Congressional candidate J.T. Smith of Phenix City is upset with the Republicans in Congress — so much that he compared Republicans to the terrorist group, the Islamic State in Iraq and the the Levant, also known as ISIS or ISIL.

Smith, the Democratic nominee in Alabama’s District 3, made the comparison on Labor Day, taking to Twitter to vent.

JT Smith

JT Smith, Democratic candidate for Congress in Alabama’s Third District

And Smith’s timing will likely get his tweet more attention than it has already garnered on social media, as ISIL-ISIS reportedly beheaded a second American journalist on Tuesday. ISIS militants previously beheaded American journalist James Foley, on Aug. 19.

Smith wrote: “The greatest country on earth is being bullied from within. Actions of Republicans in congress are worse than .” (The tweet is below.)

It wasn’t the first potentially incendiary tweet from Smith, who faces U.S. Rep. Mike Rogers, R-Saks, in November.

On Sunday, Smith, an Iraq War veteran, tweeted that the fact that the GOP wants to repeal the Affordable Care Act, or Obamacare, proves that the Republicans see “seniors, women and children as prey.”

Smith later took to Facebook to explain his Tweet.

“Twitter does not allow for context, but this does,” Smith wrote on Facebook. “I am not saying that the republican party is beheading people in the streets, obviously. Here in America, because we are a civilized democracy, we do not use violence against each other as a means of control. The republicans have used the economy as a means to terrorize the people of this country.”

http://www.al.com/news/index.ssf/2014/09/alabama_democratic_congression.html

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– The Washington Times – Tuesday, September 2, 2014

A Democratic candidate running against Alabama Rep. Mike Rogers shocked Twitter users Monday when he compared Republicans in Congress to Islamic State militants.

J.T. Smith, of Phenix City, is the Democratic nominee to represent Alabama’s District 3, The Birmingham News reported.

“The greatest country on earth is being bullied from within. Actions of Republicans in congress are worse than #ISIL,” he tweeted on Labor Day to more than 3,000 followers.

The tweet was still active as of Tuesday afternoon.

Read more: http://www.washingtontimes.com/news/2014/sep/2/democratic-congressional-candidate-compares-gop-is/#ixzz3CFPAmcHG
Follow us: @washtimes on Twitter

Experts Expect Employers To Increasing Monitoring of Workers’ Social Media

August 19, 2014
PwC study suggests third of young people would be happy for employer to see social media profiles in return for job security

The Guardian, Sunday 17 August 2014

Worker using a laptop

A worker using a laptop. Photograph: PhotoAlto/Alamy

A third of young people would be happy for their employer to have access to their social media profiles in return for job security, according to a report that claims such personal data monitoring will become more commonplace.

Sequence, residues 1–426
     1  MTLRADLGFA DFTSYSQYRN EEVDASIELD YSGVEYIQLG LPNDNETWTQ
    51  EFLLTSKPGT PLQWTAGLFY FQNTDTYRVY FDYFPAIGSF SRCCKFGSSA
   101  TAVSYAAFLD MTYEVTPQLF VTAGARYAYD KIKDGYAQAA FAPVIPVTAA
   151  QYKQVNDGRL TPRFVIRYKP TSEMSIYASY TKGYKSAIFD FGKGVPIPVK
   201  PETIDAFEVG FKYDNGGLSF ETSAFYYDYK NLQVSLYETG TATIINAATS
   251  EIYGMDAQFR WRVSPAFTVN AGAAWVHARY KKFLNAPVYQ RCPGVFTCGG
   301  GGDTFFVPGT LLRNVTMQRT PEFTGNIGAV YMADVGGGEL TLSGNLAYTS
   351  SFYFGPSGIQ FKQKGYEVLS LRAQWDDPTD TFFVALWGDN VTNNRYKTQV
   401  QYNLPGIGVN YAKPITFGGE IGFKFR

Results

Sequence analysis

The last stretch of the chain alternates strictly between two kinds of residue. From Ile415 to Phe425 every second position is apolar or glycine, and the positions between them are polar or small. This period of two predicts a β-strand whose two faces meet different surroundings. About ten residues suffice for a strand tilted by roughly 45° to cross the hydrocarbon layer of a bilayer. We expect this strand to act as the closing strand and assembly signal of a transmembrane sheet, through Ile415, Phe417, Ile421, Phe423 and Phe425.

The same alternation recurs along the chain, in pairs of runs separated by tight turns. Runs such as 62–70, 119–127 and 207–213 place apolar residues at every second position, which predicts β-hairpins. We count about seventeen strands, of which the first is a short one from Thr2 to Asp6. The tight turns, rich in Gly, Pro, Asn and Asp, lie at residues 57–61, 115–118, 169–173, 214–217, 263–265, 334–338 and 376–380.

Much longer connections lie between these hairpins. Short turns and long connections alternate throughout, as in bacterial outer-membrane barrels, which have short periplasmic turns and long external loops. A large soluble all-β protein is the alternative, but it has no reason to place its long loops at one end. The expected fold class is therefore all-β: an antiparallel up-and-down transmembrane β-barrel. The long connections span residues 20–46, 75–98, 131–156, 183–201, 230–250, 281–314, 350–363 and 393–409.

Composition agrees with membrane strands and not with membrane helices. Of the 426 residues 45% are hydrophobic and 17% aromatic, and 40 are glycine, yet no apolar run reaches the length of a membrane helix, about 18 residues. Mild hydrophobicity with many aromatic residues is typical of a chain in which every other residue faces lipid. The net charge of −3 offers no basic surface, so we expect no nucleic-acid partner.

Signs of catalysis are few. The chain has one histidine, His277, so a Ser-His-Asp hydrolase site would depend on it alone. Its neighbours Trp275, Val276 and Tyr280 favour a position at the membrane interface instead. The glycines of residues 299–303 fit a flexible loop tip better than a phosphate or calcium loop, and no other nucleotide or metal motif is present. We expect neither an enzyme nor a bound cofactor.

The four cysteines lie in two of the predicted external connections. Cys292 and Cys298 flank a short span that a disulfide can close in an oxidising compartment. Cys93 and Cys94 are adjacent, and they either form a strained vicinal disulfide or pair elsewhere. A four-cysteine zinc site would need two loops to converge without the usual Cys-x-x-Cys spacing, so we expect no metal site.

The report, written by consultants from PwC using a survey of 10,000 workers worldwide and 500 human resources (HR) professionals, suggests personal data from Facebook, Twitter and other social media sites could be used by employers to understand what motivates their workforce, reasons why people might move jobs and to improve employee wellbeing.

PwC predicts that online monitoring by employers will rise over the next decade. By 2020, people currently aged 18-32 will form half of the global workforce, bringing with them different attitudes to technology and personal data.

The research claims that younger people are more open to sharing their personal data with their employers, with 36% of Generation Y workers saying they would be happy to do so.

John Harding, human resource services partner at PwC in Manchester, said: “Just as advertisers and retailers are using data from customers’ online and social media activity to tailor their shopping experience, organisations could soon start using workers’ personal data (with their permission) to measure and anticipate performance and retention issues.

“This sort of data profiling could also extend to real-time monitoring of employees’ health, with proactive health guidance to help reduce sick leave. Key to the success of organisations being able to use employee data will be developing measurable benefits for those who hand over their data and building trust through clear rules about how data is acquired, used and shared.”

Cary Cooper, distinguished professor of organisational psychology and health at Lancaster University, said there were obvious pitfalls. “First of all, it is naive to think that if you trade off your privacy rights (eg access to one’s social media) that an employer can ever guarantee job security,” he said.

“Second, I can’t see, if an employer had access to an employee’s social media, how this could possibly lead to greater employee motivation or wellbeing. This seems a plain case of trying to find out what employees are doing and thinking – clearly an intrusion into their private life. I see no HR justification for it whatsoever.”

China continues to tighten control and monitoring of the Internet, social-networking, messaging apps

July 5, 2014

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By Jonathan Cheng and Paul Mozur
The Wall Street Journal

Updated July 4, 2014
A number of popular social-networking applications reported Thursday their services were impaired in mainland China, two days after a massive pro-democracy demonstration in neighboring Hong Kong.